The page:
The predetermined place may be a disk drive that stores boot images of the first operating environment and the second operating environment. In response to switching operation from the second operating environment to the first operating environment, a representative file enabling verification of identity of a second memory image at least at a part, the second memory image making up the second operating environment, is encrypted. The second memory image is saved at a predetermined place. The encrypted representative file is decrypted in response to switching operation from the first operating environment to the second operating environment. A representative file extracted from the saved second memory image is compared with the decrypted representative file.

BRIEF DESCRIPTION OF THE DRAWINGS

In order that the advantages of the application will be readily understood, a more particular description of the application briefly described above will be rendered by reference to specific embodiments that are illustrated in the appended drawings. Understanding that these drawings depict only typical embodiments of the application and are not therefore to be considered to be limiting of its scope, the application will be described and explained with additional specificity and detail through the use of the accompanying drawings, in which:

FIG. 1 is a block diagram to describe the overall configuration of hardware of a computer that may be used in conjunction with the present invention;

FIG. 2 describes the configuration of software installed in the computer of FIG. 1;

FIG. 3 shows status transition to describe a status change of the computer of FIG. 1 in dual-OS operating environment and describe software attacks that may be directed toward a backup file;

FIG. 4 is a flowchart to describe the procedure to protect a backup file that is saved in a system memory in dual-OS operating environment;

FIG. 5 is a flowchart to describe procedure to protect a backup file that is saved in a system memory in dual-OS operating environment;

FIG. 6 describes transition of a data configuration of the system memory corresponding to FIGS. 4 and 5;

FIG. 7 is a flowchart to describe procedure to protect a backup file that is saved in a system memory in dual-OS operating environment;

FIG. 8 is a flowchart to describe procedure to protect a backup file that is saved in a system memory in dual-OS operating environment; and

FIG. 9 describes transition of a data configuration of the system memory and the disk drive corresponding to FIGS. 7 and 8.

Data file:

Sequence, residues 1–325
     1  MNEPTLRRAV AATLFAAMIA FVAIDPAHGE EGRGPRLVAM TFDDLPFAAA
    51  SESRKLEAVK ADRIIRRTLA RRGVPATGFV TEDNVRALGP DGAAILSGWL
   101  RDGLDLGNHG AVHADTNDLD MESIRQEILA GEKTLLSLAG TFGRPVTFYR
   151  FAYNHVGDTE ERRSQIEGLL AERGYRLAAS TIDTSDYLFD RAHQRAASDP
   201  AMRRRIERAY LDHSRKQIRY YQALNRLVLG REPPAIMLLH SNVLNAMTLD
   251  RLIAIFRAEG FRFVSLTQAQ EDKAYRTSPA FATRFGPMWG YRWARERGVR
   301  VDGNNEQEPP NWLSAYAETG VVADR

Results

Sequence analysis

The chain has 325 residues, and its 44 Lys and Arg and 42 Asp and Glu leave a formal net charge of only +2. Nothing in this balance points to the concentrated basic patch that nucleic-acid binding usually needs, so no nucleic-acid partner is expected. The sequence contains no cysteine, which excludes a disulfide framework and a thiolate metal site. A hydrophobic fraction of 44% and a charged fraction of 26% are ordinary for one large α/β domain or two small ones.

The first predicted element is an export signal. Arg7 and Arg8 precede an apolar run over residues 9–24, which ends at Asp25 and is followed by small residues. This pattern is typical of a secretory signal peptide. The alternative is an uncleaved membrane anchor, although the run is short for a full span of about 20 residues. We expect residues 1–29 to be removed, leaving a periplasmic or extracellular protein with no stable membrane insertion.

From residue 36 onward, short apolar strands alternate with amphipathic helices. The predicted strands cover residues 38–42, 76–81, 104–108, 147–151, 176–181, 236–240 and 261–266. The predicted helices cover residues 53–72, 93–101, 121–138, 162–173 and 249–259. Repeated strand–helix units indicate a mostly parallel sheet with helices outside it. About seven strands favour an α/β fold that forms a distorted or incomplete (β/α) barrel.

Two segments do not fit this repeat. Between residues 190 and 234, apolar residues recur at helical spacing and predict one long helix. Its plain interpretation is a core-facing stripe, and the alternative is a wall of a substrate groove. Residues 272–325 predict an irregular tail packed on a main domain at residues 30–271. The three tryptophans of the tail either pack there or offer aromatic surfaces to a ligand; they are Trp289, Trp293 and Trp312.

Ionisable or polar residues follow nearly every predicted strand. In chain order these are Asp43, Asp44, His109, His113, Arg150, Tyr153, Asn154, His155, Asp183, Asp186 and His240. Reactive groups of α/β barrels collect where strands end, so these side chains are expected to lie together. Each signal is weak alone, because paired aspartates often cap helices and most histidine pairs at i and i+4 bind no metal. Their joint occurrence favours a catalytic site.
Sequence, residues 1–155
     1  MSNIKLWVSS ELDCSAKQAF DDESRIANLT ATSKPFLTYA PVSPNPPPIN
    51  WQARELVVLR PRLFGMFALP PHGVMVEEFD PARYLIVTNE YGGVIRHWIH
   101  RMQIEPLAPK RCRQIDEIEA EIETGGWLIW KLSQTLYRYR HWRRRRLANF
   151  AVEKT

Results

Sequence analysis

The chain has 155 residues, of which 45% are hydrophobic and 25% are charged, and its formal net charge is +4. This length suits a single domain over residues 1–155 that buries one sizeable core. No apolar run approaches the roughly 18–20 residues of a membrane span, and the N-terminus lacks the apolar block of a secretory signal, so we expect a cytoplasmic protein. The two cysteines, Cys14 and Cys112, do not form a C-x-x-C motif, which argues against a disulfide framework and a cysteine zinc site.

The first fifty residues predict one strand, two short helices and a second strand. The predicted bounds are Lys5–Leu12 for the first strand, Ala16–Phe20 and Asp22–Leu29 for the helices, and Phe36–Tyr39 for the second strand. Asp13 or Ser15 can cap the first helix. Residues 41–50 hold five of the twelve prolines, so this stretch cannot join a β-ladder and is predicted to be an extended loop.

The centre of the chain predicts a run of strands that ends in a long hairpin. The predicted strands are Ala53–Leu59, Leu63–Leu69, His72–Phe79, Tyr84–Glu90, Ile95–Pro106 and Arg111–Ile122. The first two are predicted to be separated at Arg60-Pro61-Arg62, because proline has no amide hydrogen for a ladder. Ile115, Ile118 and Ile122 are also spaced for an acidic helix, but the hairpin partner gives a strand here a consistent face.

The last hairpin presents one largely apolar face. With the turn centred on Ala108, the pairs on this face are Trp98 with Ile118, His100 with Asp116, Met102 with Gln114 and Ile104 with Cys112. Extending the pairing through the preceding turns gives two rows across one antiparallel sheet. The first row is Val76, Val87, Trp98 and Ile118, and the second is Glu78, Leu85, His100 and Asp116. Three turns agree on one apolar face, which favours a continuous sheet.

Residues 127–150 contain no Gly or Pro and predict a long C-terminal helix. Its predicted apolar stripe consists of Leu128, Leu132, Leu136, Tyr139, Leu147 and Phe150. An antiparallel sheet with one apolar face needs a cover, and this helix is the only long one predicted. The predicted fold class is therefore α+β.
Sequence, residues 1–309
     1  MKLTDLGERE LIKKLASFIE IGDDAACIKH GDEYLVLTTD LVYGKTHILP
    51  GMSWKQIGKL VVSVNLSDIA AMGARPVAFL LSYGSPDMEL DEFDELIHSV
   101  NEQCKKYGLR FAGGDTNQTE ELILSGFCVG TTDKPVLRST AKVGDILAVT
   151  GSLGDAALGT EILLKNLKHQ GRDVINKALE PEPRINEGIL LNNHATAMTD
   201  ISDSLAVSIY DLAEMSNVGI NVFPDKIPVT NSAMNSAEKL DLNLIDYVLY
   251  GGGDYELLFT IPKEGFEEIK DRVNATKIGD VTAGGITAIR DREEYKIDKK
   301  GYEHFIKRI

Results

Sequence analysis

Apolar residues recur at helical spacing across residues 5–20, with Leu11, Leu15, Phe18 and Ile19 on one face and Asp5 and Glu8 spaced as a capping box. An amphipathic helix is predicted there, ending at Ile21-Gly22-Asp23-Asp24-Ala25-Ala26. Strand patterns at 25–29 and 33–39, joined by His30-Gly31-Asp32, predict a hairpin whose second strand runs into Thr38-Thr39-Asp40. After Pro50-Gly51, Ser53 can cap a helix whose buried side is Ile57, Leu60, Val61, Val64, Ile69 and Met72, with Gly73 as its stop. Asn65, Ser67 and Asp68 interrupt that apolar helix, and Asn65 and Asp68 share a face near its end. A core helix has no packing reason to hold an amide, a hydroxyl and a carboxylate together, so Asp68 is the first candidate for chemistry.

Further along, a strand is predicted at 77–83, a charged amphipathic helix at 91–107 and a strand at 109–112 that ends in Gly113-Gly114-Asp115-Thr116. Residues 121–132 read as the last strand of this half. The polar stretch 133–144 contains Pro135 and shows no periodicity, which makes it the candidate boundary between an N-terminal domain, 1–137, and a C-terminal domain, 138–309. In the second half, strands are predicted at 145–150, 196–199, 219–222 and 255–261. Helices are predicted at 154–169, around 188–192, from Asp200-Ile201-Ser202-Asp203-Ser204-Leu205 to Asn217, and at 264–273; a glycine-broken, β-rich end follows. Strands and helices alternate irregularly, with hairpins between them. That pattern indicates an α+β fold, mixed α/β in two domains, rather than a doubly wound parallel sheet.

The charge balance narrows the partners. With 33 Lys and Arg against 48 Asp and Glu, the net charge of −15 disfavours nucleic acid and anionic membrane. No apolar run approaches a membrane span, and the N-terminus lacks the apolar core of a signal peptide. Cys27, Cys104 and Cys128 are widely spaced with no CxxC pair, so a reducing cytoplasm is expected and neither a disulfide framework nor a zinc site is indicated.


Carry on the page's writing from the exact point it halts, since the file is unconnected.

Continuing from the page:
DETAILED DESCRIPTION

FIG. 1 is a functional block diagram to describe the overall configuration of hardware of a laptop or desktop computer 10. FIG. 2 describes the configuration of software installed in the computer 10. Since many parts of the hardware and the software are known in configuration, the present specification describes the elements in a range necessary to understand the present application. In FIG. 1, a chip set 13 is equipped with an interface function for various standards, to which a CPU 11, a system memory (RAM) 15, a GPU 17, a disk drive 21 such as a HDD or a SSD, a firmware ROM 23, a network module 25, a lockable non-volatile memory (NVRAM) 27, a security chip (TPM) 29 specified by the TCG, an embedded controller (EC) 33 and the like are connected.

A touch screen 19 is connected to the GPU 17. The touch screen 19 is not essential to embody the present application, which can be used to provide a user interface by touch operation in the operating environment of a secondary OS 113, for example. The disk drive 21 is a boot disk, which stores, in the present embodiment, a bootable primary OS 103, an application 105 that operates on the primary OS 103, a bootable secondary OS 113, an application 115 that operates on the secondary OS 113, and the like as shown in FIG. 2.

In one example, the primary OS 103 may be a large-scale program such as Windows (registered trademark) or MAC_OS (registered trademark), and the secondary OS 113 may be a small-scale program such as Android (registered trademark) or embedded Linux (registered trademark), and the types of OSs to which the present application is applicable are not limited especially. The disk drive 21 may store three types or more of bootable OSs. In the present application, the primary OS 103 and the secondary OS 113 may be stored in different boot disks.

The firmware ROM 23 stores a system firmware 101 such as BIOS or UEFI firmware that supports Secure Boot. The system firmware 101 examines and initializes the device at the time of startup of the computer, and performs processing to verify integrity of a backup file according to the present embodiment. Every time the CPU 11 is reset by any one of the methods of power-on reset to restart the power supply of the CPU 11, hardware reset to send a reset signal to the CPU 11 and software reset to let a program executed by the CPU 11 generate a reset signal, the CPU 11 always executes the system firmware 101 from a predetermined address (reset vector).